The Consumer Electronics Show--Style Over Experience?

Posted by: Bruce Nussbaum on January 4, 2008

It’s great to see The Wall Street Journal wake up to design and innovation, but the recent story on the CES celebrates the most basic kind of design—style—and fails to understand the need for deep consumer experience. You come away thinking, ooh, Dell and other PC makers are finally discovering color and cool form and that’s the key to succeeding with consumers.

There’s no doubt that color is important to people, especially as they carry screens around with them all the time. The Great Shift of computer from office PC to personal laptop means personalizing the product and that definitely means color, as well as texture, weight and all the factors that go into “look and feel”.

But suggesting that computer makers are only or mostly focussing on style to appeal to consumers is an error. I know the design managers at Dell and HP and they are totally into authentic consumer experiences. They get the need to build broad ecosystems that engage people in many ways and take them on a journey that pulls them back again and again. This kind of design goes way beyond color and fit and finish to a seamless interaction between customer and company. This kind of design depends on a deep, deep understanding of the individual company’s particular customer culture(s). It’s about connecting on an emotional level.

In the end, it’s about designing a relationship, not a product. In fact, that’s what a brand is today, a relationship. Create a great one, and not only will they come, they’ll stay.

Whoa. RitaSue Siegel just sent a comment reminding me that BW’s story foreshadowing the CES show does pretty much the same thing as the WSJ—focus on style. There’s a box that says “Design is a big factor behind Apple’s rising market share and juicy margins. No wonder the industry is starting to focus on style.”

Thanks RitaSue. I didn’t edit this piece and the same criticisms I made on the WSJ story apply here. And any CEO who thinks that Apple is successful simply because of style is destined to fail.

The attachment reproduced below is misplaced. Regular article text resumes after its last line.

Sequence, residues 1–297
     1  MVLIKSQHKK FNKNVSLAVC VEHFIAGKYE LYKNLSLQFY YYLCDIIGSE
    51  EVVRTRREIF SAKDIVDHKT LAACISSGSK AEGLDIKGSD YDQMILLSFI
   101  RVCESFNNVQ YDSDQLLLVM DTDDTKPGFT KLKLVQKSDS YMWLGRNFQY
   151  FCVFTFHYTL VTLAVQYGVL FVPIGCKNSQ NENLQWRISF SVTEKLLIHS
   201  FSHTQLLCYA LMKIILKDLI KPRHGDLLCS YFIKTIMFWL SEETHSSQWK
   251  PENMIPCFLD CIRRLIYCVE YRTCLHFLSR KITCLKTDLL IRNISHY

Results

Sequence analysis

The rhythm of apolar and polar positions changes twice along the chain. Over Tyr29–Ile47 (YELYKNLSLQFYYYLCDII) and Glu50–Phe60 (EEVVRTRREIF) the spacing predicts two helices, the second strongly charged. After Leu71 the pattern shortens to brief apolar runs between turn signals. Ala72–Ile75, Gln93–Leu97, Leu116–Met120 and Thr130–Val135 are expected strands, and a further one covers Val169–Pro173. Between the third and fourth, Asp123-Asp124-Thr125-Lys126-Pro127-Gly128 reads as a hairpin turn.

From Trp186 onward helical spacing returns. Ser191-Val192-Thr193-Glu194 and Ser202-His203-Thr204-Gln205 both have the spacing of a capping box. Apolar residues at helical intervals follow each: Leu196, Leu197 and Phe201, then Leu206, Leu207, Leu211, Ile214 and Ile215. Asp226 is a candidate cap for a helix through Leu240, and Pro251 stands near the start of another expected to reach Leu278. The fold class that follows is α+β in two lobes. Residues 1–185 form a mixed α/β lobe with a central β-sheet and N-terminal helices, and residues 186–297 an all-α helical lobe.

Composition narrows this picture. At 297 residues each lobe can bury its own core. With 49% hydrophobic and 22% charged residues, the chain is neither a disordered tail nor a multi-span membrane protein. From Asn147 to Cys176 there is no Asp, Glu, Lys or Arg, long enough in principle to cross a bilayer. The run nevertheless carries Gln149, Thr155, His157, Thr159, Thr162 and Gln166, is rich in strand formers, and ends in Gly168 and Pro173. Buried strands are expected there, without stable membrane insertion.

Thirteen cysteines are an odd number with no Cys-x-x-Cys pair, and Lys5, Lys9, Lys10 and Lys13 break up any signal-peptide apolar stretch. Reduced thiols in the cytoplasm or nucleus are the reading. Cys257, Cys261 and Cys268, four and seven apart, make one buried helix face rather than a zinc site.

Reader Comments

RitaSue Siegel

January 4, 2008 7:57 PM

I had a simliar reaction to the 14 Jan BW story: That Computer is So You. p 024. Don't the authors Steve Hamm and Jay Greene pay attention to your blog and other BW Design and Innovation stories? They also overlooked an important reason why the original VAIO was so successful: its 3.2 lb weight.

Gong Szeto

January 4, 2008 9:51 PM

what is an "authentic consumer experience"?

what is this "journey" you are talking about?

since when is style unemotional?

what type of "relationship" do consumers form with brands? what if i just want a red laptop? what if i am just a superficial style-slut? does that make me any less a consumer?

these phrases sound so "marketingese". I am a consumer, it's my dollar, i want to know that you are not simply prescribing new ways for me to be manipulated and buy more of their goods because i already "experience" over 5,000 corporate media messages a day and it's already pretty creepy.

Crawford

January 5, 2008 3:06 PM

When I first read that piece in the Journal, especially the claptrap about pink, I couldn't help but be reminded of the old Volvo commercial about the Detroit automakers trying to appeal to women by introducing the newest thing in cars: Pink. Yikes. How short a distance we've come. Color's nice as a personal statement. Design is about joy of deliverance.

Oh, and Gong, find an Apple Store. Leave your expectations at the curb and just gon in and hang out for while. Soak up the experience, the vibe, the dialogue you overhear, register the glee. Then go find a (insert electronics retailer name here) store and do the same. That should provide the answers you seek.

Have a good weekend all.

Ernest Wilson

January 5, 2008 7:20 PM


A slight digression for a question.